TEHRAN (Reuters) - Iranian President Mohammad Khatami warned on Thursday of ``evil hands'' trying to use the deadly attacks on the United States to create a clash of civilizations, the official IRNA news agency reported.
Iranian attitudes to a U.S.-led international coalition against terrorism have hardened since a speech on Wednesday by Supreme Leader Ayatollah Ali Khamenei, who ruled out helping Washington in any attack on neighboring Muslim Afghanistan.
``Evil hands and others who do not like to see improvement through new thoughts in the world are trying to take advantage of the sensitive situation and cause confrontation between Islam and other beliefs,'' IRNA quoted Khatami as telling visiting Qatari Foreign Minister Sheikh Hamad bin Jassim bin Jabr al-Thani.
He did not mention Italian Prime Minister Silvio Berlusconi who unleashed a firestorm of protest by saying on Wednesday that Western civilization was superior to that of Islam.
The reformist Khatami quickly condemned the devastating attacks on New York and Washington two weeks ago, prompting many in Iran and the West to believe the crisis might lead to closer ties. Khamenei's speech appeared to close that door.
Iran has consistently expressed concern that the latest crisis would turn into a clash of civilizations, but these worries have been brought to the fore since Khamenei chaired an emergency Supreme National Security Council on Tuesday.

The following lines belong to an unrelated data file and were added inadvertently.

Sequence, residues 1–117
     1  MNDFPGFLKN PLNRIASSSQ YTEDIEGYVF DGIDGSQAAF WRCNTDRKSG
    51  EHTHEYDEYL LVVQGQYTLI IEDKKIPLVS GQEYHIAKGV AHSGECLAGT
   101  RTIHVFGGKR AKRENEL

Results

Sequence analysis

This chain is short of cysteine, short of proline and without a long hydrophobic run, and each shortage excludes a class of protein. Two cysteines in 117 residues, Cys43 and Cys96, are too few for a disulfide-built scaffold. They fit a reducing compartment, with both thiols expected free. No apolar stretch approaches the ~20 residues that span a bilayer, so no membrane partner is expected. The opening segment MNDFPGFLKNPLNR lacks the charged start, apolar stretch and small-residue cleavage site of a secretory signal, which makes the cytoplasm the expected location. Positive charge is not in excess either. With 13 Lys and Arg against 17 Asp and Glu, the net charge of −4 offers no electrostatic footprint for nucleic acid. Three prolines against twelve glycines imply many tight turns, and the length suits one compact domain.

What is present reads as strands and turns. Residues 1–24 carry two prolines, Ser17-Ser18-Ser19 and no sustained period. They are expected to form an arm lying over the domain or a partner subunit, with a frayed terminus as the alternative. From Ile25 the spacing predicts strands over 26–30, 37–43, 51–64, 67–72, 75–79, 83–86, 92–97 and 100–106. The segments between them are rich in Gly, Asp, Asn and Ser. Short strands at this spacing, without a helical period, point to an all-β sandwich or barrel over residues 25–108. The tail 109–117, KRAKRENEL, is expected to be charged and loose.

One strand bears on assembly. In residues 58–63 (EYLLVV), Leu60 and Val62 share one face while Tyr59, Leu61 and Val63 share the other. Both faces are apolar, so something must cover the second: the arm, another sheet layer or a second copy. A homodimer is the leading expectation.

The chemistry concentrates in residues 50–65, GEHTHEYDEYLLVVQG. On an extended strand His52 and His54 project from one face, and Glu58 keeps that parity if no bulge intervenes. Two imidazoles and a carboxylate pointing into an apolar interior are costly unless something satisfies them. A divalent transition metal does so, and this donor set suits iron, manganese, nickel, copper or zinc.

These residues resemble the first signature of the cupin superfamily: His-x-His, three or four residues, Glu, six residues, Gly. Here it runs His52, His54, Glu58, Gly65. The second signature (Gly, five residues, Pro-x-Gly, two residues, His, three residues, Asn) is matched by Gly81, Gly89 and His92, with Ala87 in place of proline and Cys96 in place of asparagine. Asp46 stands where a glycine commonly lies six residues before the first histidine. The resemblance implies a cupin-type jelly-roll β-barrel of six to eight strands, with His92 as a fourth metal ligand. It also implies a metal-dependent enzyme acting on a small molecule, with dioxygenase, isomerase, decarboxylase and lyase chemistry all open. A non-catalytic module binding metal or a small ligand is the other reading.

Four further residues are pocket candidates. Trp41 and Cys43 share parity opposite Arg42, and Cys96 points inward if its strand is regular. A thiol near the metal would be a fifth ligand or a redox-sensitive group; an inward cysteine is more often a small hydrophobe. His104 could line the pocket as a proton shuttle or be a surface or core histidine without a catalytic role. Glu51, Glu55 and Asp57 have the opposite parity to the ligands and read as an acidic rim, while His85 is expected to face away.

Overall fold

Khamenei reacted angrily to a statement by Secretary of State Colin Powell in which he accused Iran of supporting ''terrorism'' through its backing of Lebanon's Hizbollah and Palestinian militant groups Hamas and Islamic Jihad.
The supreme leader, who has the final word on Iranian policy, replied: ``America has its hands deep in blood for all the crimes committed by the Zionist regime.''
Khatami in turn rejected any link between the attacks in United States and the Middle East crisis.
``Islamic countries should defend the rights of Palestinians and not to let the recent inhuman acts in United States become an excuse for violence and intolerance,'' he said.
In unusually strong language for the mild-mannered president, Khatami on Wednesday reinforced Iran's neutrality and criticized President Bush for saying countries either sided with the United States or with terrorism.
``I hope the president has made a mistake, because such a mentality belongs to the past century. There are countries which have suffered from both U.S. policies and terrorism,'' he said.
``Sometimes a powerful people becomes arrogant to the extent that they think they are absolutely right and those with objections are wrong. Such a way of thinking is not right at all,'' Khatami said.
The president repeated a call for an urgent meeting of foreign ministers of the 55-member Organization of the Islamic Conference currently chaired by Qatar.
The Qatari foreign minister said his country welcomed the proposal.